Perhaps you don’t feel sorry for Ruth Reichl. Yes, Gourmet magazine’s former editor was left jobless after Condé Nast abruptly shut the magazine down in 2007. Yet as many Americans were losing everything during that time, Reichl got a generous a severance package, was in good health, and had residences in New York City and in the upstate New York hamlet of Spencertown.
Indeed, her long career in the food world was glorious by any standard: multiply-awarded, well-compensated and highly recognized. But suddenly, all that seemed to be over.
A stunned Reichl retreated to the kitchen, jotting down what became My Kitchen Year: 136 Recipes That Saved My Life. A memoir, journal, and cookbook chronicling the year after Gourmet’s shutdown, the book is a heartfelt account of losing one’s life work, of mourning a magazine with a 69-year history, of picking up the pieces at age 61.
“I had no idea what to do with the rest of my life and no notion how we’d pay the bills. And so I did what I always do when I’m confused, lonely, or frightened: I disappeared into the kitchen.”
At first glance, My Kitchen Year is easily slotted into the glossy cookbook category. A vivacious Reichl, clad in a hot-pink shirt, graces the cover. Inside, seasonally organized recipes are illustrated by Mikkel Vang’s dazzling photos. Unabashedly rich recipes swim in cream and butter, chocolate and lobster.
Yet closer examination reveals greater depths. When Gourmet shut down, Reichl was on the road, promoting the cookbook Gourmet Today. Forced to finish the task, she was continually approached by bereaved strangers. Finally home, facing an ominously empty schedule, Reichl turns to the “Twittersphere”, encountering a group of foodies who prove a surprising source of support. In the coming months, Reichl would need it.
As colleagues begin finding jobs and moving on, Reichl remained adrift. An interview with a famously hard-driving magazine editor was a miserable experience. Plagued by nightmares of homelessness and feelings of “failure, fear, inadequacy”, Reichl sought relief at the stove.
The majority of My Kitchen Year: 136 Recipes That Saved My Life unfolds in Spencertown. Despite her anxiety at the prospect of rural living, Reichl discovers good butchers, a farmer’s market, fine cheeses. While it’s easy to sneer at the community’s evident wealth, readers are better off empathizing with Reichl’s genuine pain as she grapples with losing not only her job, but the very way she defined herself.
As winter comes, so does grief, which hits “like a wave, a physical force that knocked me back”. By February, with the holidays over, Reichl feels “the real world” has left her behind: “people were doing big things, thinking big thoughts, living big lives.”
Even as Reichl anxiously wonders what’s next—she thinks it’s the novel, Delicious (reviewed here)—we know it’s not. Reichl’s decades as a restaurant critic, writer, and editor have all led to this: the woman is a damned fine cookbook writer.
Okay, so maybe your grocery list doesn’t include Creamed Lobster on Brioche. (If it does, may I come over?) Fair enough. Most of the recipes in My Kitchen Year are appealing, simple, and call for ingredients most mortals tend to have around. Granted, none of this is diet food, but it’s clear from Vang’s photographs that Reichl, with her enviably svelte figure, has mastered the art of portion control. We are well-advised to follow her example.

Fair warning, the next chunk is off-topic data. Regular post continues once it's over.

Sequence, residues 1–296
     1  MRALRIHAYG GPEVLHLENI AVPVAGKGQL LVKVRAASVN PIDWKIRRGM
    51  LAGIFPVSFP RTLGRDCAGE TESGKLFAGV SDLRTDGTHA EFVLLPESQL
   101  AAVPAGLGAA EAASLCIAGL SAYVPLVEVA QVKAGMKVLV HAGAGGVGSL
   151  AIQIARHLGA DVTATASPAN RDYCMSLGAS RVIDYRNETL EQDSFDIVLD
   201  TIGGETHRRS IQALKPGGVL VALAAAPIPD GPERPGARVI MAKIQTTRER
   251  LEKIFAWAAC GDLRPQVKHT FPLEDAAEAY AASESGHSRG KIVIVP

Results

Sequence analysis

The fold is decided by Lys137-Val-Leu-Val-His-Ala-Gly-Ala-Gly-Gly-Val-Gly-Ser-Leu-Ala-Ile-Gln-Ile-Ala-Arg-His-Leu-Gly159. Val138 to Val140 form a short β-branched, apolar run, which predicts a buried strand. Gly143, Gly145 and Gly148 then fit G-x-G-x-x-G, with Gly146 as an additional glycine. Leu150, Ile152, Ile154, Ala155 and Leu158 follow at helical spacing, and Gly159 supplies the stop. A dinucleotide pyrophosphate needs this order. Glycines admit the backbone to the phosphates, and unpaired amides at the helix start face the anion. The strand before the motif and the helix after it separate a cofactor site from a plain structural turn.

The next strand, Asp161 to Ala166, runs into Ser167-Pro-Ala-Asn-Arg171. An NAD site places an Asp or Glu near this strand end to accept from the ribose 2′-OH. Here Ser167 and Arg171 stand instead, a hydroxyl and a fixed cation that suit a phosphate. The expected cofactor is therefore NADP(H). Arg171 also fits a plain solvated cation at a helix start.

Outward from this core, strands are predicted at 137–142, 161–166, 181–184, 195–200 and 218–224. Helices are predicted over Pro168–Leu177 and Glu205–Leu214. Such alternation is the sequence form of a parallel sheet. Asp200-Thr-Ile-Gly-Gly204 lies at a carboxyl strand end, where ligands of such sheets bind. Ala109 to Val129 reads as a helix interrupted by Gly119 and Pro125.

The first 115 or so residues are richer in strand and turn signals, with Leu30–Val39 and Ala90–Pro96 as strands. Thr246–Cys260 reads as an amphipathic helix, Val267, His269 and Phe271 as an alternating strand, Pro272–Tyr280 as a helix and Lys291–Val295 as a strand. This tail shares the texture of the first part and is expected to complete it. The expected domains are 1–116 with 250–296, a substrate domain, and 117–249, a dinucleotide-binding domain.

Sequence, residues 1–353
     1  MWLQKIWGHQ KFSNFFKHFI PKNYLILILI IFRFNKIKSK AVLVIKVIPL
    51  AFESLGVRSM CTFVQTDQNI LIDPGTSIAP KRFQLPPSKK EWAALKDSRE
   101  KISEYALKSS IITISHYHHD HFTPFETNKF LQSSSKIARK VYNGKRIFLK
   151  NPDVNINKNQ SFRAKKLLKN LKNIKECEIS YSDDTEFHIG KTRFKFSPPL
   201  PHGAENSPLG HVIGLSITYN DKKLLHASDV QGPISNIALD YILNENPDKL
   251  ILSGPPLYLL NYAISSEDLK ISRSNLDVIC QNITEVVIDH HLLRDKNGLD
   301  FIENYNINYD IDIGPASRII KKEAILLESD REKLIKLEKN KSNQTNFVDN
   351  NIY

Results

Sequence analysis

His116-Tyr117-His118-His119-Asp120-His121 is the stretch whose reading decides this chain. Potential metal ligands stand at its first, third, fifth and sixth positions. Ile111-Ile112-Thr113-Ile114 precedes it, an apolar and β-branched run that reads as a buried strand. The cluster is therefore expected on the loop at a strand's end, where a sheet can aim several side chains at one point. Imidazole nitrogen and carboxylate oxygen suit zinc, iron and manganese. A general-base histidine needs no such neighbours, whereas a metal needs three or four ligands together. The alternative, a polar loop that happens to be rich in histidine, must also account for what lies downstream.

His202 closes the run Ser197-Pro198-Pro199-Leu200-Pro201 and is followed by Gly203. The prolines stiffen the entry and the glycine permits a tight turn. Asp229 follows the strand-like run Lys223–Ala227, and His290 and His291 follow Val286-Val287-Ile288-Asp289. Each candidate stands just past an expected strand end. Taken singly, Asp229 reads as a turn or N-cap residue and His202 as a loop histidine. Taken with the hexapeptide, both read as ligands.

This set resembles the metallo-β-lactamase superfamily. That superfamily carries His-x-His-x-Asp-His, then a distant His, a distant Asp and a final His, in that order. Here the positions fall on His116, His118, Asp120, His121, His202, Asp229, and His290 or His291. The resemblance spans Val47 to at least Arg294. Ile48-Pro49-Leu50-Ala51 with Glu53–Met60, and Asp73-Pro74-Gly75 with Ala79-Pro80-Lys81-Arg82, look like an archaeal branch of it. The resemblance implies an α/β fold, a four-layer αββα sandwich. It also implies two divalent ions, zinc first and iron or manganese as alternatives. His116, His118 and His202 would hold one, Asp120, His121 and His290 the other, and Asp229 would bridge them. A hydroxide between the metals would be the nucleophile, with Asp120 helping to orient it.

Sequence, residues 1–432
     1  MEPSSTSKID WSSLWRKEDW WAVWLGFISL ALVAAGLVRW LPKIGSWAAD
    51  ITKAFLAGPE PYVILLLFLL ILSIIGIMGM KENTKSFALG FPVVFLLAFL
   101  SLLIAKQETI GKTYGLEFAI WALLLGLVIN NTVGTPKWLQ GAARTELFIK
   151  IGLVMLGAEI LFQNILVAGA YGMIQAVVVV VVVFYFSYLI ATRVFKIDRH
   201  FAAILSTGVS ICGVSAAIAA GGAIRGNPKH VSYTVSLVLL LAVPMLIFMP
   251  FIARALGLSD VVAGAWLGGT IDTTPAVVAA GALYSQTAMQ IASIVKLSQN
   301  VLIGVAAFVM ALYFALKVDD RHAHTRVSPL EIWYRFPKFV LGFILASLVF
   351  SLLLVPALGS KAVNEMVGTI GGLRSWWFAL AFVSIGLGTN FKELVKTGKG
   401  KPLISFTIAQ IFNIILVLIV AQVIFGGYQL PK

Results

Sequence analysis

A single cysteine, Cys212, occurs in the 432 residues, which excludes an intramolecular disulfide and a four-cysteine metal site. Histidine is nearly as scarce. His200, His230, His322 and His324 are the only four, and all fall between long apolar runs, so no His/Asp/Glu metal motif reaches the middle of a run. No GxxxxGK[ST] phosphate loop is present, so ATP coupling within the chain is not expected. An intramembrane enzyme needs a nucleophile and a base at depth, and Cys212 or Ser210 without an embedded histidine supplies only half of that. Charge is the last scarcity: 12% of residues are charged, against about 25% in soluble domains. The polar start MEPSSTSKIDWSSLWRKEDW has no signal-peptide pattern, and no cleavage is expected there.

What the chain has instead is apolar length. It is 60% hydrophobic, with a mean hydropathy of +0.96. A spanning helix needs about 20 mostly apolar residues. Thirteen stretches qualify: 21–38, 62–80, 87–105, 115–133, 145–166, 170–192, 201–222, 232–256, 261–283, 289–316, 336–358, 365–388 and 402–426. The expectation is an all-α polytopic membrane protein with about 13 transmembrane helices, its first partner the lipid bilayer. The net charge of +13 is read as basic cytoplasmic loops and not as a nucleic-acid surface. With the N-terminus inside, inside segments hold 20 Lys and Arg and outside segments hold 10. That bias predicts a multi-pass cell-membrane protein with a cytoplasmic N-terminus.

Consider the Diva of Grilled Cheese, which can be made cheaply or expensively, depending on the cheese. It will be insanely delicious no matter what. After buttering your sourdough bread, piling it with cheese and sliced onion, shallot, scallion, whatever alliums you’ve got, Reichl instructs you to smear mayonnaise on the outer sides of the bread, where it will prevent scorching. Even if your sandwich scorches, as mine did, exercise restraint: this, bar none, is the best grilled cheese you will ever eat, anywhere, and the desire to immediately make and consume another will be overwhelming. Be strong.
A Gingered Applesauce Cake works beautifully with or without the accompanying Caramel Glaze. The “Easy Bolognese” really is easy, asking only for spicy sausage, canned tomatoes, and time, while the Lemon Panna Cotta epitomizes simplicity with three ingredients: lemons, cream, and sugar. Holiday recipes for Butternut Squash Soup and High-Heat Turkey assist during one of cooking’s most stressful times.
More adventurous types can try Spicy Korean Rice Sticks or Chinese Dumplings, whose delicately pleated wrappers will forever elude me. The truly brave can make French Fries, a process requiring a quart of vegetable oil. Those able to purchase banana leaves should attempt Cochinita Pibil, or spice-rubbed pork wrapped in said leaves. Banana leaves are inedible, but lend their ineffable flavor and scent to the pork as it roasts. Mine just came out of the oven. The meat is literally fork-tender.
My Kitchen Year ends on an upbeat note, with Reichl claiming to savor life in the slower lane. Were this entirely true, we might not be holding this book in our hands. Yet nobody can blame Reichl for rejecting a retirement thrust upon her rather than chosen.
If My Kitchen Year is the result of restlessness, we only reap the benefits; for in a world overflowing with cookbooks, the truly useful ones, with recipes one turns to repeatedly, are surprisingly scarce. My Kitchen Year will remind many, with a pang, they loved about Gourmet. For those who never knew it, taste the past, and understand what so many of us continue to lament.